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Roman Gonzalez vs. Naoya Inoue: The one that got away

20
Mar

Over the past several months I’ve written a feature for THE RING Magazine titled “Fights of Fantasy”, which has proven to be quite popular. I’ve spoken to a variety of boxing experts and gauged opinions on match ups such as Guillermo Rigondeaux vs. Vasyl Lomachenko, Kell Brook vs. Amir Khan, Canelo Alvarez vs. Jermall Charlo and Manny Pacquiao vs. Terence Crawford.

The focus this month was to be a prospective showdown between WBC junior bantamweight titleholder Roman Gonzalez and his WBO counterpart Naoya Inoue. I spoke with Kal Yafai, the WBA titleholder at 115 pounds; Rudy Hernandez, trainer of former WBC titleholder Carlos Caudras; and Martin Mulcahey, esteemed contributor to THE RING and fellow RING ratings panelist.

The feature was written, edited and ready to go. I was happy. And then, out of nowhere, came a southpaw curveball from Thailand. Srisaket Sor Rungvisai — a snowball-in-hell underdog — thought it might be a good idea to pull off an upset by dethroning Gonzalez in New York City on Saturday.

Many felt the verdict was poor (not me) but my latest “Fights of Fantasy” piece, as well as Gonzalez’s pound-for-pound No. 1 spot, had taken a dump regardless.

Rather than shelf the doomed feature completely, however, the decision was made to release it on RingTV.com as a reminder that it’s never a good idea to look ahead in boxing. I would like to extend my apologies to Mr. Rungvisai, now a two-time junior bantamweight titleholder, for taking this liberty. I promise I’ve learned my lesson.

Here, now, are some expert opinions on the Gonzalez-Inoue matchup, which is buried a lot deeper in the fantasy section than it was last week:

KAL YAFAI 

Gonzalez is still a great fighter but he took a lot of stick in his win over Carlos Cuadras (UD 12) when he moved up to 115 pounds. He was badly marked up and, even though he hit Cuadras with a lot of punches, Cuadras came out of that fight pretty fresh. I think junior bantamweight is as far as Gonzalez can go and going straight in with one of the world’s best was always going to be tough. Inoue looked impressive against (Kohei) Kono (TKO 6) last time out but I still need to see him against Cuadras, Juan Francisco Estrada or myself. He has the power to hurt anyone but Gonzalez throws so many punches, and you would have to fancy him in terms of experience. The more time that goes by, Inoue’s chances improve because he’s getting better with each fight. To be honest, though, I can’t see it happening because I reckon that Inoue will move up. There are rumors that he’s moving on and Gonzalez will be staying at 115 pounds. I would like to take on Gonzalez at the end of this year or the beginning of next because I think I would be getting him at the right time.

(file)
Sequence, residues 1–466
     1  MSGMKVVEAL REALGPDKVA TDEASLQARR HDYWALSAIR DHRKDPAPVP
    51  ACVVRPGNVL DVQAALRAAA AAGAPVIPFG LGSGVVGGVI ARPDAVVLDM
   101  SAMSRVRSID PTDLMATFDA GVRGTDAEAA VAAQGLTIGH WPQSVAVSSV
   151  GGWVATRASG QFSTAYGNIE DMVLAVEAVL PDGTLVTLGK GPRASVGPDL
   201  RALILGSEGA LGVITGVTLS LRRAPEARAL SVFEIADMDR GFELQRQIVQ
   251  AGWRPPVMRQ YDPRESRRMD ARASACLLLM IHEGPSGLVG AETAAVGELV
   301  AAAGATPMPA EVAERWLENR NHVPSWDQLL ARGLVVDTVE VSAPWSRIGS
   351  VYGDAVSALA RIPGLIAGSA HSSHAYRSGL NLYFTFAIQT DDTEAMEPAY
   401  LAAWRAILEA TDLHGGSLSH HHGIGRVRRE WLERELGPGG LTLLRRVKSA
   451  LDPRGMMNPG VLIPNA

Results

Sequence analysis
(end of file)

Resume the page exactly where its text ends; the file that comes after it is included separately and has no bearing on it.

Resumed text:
PREDICTION: Gonzalez

RUDY HERNANDEZ 

In the fight with Cuadras, it became clear that Gonzalez had entered a division where he finally met his match. I didn’t think we necessarily won that fight but I didn’t think we lost it, and a draw would have been fair. Now I have so much respect for Gonzalez, and I think he’s even better than Alexis Arguello was, but Inoue is a whole different ball game. Inoue looked so impressive knocking out Omar Narvaez (KO 2) and you have to keep in mind that he’s still young. He’s just coming into his peak years and this would be a very difficult match for Gonzalez to win. Inoue is a hell of a fighter and he’s the future of the smaller weight divisions. I think he’ll end up fighting in the States and, if he does, then that would be great for all the smaller guys. I would have to go with Inoue to beat Gonzalez because of youth, speed and he has all the advantages in this division. Roman is coming all the way up from strawweight and we can’t forget the difference in age. He’s not as young as he used to be and there comes a time when you have to pass the torch.

PREDICTION: Inoue  

MARTIN MULCAHEY  

This is one of the best fights in all of boxing. Gonzalez only has two fights at 115 pounds, whereas Inoue has been at this weight for two-and-a-half years and he’s just a naturally bigger guy. Inoue also has advantages in height and reach, so, as far as physicality is concerned, Inoue is dominant. The fight I like to compare this to is Alexis Arguello vs. Aaron Pryor, which is apt because Arguello was a mentor to Gonzalez. Arguello was moving through the weights; he ran into a physical force in Pryor and he just couldn’t hurt him. That might be the case in this fight, in which the physicality of Inoue is too much for Gonzalez. Age could also be a factor because Gonzalez is 29 years old and Inoue is only 23. Back in the 1970s and 1980s, fighters below bantamweight were done by the time they were 27. They’re lasting a little longer these days but all of that wear and tear is still an issue. You also have to factor in that the fight is likely to happen in Japan, unless HBO puts up the money, and that obviously favors Inoue. He just has small advantages in almost every area.

PREDICTION: Inoue

The next “Fights of Fantasy” feature in THE RING Magazine will take a fresh look at a potential Canelo Alvarez vs. Gennady Golovkin fight. And yes, this will be released before Alvarez meets Julio Cesar Chavez Jr. on May 6. As I said, lesson learned.